• Conant, Roger, Bridges, William (1939). What Snake Is That? A Field Guide to the Snakes of the United States East of the Rocky Mountains. (With 108 drawings by Edmond Malnate). New York and London: D. Appleton-Century Company. Frontispiece map + viii + 163 pp. + Plates A-C, 1-32. (Rhinocheilus lecontei, p. 86 + Plate 14, Figure 41).
  • Powell R, Conant R, Collins JT (2016). Peterson Field Guide to Reptiles and Amphibians of Eastern and Central North America, Fourth Edition. Boston and New York: Houghton Mifflin Harcourt. xiv + 494 pp., 47 plates, 207 figures. ISBN 978-0-544-12997-9. (Rhinocheilus lecontei, pp. 392-393 + Plate 37).
  • Smith HM, Brodie ED Jr (1982). Reptiles of North America: A Guide to Field Identification. New York: Golden Press. 240 pp. ISBN 0-307-13666-3 (paperback). (Rhinocheilus lecontei, pp. 164–165).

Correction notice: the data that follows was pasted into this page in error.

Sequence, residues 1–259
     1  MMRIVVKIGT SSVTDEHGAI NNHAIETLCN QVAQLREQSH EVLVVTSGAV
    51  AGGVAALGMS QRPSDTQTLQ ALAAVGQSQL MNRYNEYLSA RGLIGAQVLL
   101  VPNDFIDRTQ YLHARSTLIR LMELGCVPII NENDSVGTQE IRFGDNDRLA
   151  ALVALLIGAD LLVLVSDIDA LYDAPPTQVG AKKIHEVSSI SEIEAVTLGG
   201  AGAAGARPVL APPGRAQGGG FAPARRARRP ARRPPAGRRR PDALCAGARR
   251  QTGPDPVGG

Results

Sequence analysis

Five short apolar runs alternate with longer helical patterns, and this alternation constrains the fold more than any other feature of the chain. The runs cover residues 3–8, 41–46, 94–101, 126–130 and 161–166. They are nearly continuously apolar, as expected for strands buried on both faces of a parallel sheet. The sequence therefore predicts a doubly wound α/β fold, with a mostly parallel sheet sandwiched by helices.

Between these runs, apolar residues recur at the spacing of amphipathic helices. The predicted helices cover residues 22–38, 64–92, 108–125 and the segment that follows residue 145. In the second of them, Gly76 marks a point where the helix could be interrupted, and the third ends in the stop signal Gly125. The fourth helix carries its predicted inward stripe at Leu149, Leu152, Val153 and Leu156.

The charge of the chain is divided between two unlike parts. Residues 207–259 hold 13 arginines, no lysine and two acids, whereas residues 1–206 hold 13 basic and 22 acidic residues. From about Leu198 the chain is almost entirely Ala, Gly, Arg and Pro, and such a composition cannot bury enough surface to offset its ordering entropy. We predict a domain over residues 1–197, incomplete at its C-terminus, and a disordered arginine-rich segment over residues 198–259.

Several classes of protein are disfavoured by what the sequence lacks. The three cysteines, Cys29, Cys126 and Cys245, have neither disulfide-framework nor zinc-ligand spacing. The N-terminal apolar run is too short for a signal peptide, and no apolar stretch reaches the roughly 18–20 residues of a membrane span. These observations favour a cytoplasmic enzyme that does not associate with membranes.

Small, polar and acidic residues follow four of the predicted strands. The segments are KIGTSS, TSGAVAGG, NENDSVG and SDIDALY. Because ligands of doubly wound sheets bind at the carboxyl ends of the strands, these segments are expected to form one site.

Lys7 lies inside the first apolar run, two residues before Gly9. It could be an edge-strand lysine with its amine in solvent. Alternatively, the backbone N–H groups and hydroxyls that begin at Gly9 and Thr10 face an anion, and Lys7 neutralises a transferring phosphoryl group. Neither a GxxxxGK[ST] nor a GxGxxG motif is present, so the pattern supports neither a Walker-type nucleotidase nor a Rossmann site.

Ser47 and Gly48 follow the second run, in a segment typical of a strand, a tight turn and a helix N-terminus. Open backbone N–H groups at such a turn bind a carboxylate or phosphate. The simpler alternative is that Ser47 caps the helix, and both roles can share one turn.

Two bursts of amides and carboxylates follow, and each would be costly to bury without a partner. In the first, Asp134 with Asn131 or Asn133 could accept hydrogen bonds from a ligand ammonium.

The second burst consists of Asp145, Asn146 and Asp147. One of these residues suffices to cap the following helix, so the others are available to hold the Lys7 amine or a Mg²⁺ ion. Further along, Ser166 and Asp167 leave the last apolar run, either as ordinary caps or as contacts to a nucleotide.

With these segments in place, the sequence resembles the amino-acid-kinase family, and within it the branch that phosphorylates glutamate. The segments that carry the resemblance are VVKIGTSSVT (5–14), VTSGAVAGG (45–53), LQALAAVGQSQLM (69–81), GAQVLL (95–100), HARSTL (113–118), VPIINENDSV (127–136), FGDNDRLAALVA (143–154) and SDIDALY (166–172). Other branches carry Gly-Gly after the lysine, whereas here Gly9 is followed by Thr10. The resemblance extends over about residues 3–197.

• Stebbins RC (2003). A Field Guide to Western Reptiles and Amphibians, Third Edition. The Peterson Field Guide Series ®. Boston and New York: Houghton Mifflin Company. xiii + 533 pp. ISBN 0-395-98272-3 (paperback). (Rhinocheilus lecontei, pp. 370–371 + Plate 44 + Map 155).
  • Wright AH, Wright AA (1957). Handbook of Snakes of the United States and Canada. Ithaca and London: Comstock Publishing Associates, a Division of Cornell University Press. 1,105 pp. (in 2 volumes) (Genus Rhinocheilus, p. 630-633 + Figure 19 on p. 69). (species Rhinocheilus lecontei, pp. 633–644, Figures 183-187, Map 48).
  • Zim HS, Smith HM (1956). Reptiles and Amphibians: A Guide to Familiar American Species: A Golden Nature Guide. Revised Edition. New York: Simon and Schuster. 160 pp. ("LONG-NOSED SNAKE", Rhinocheilus lecontei, pp. 101, 156).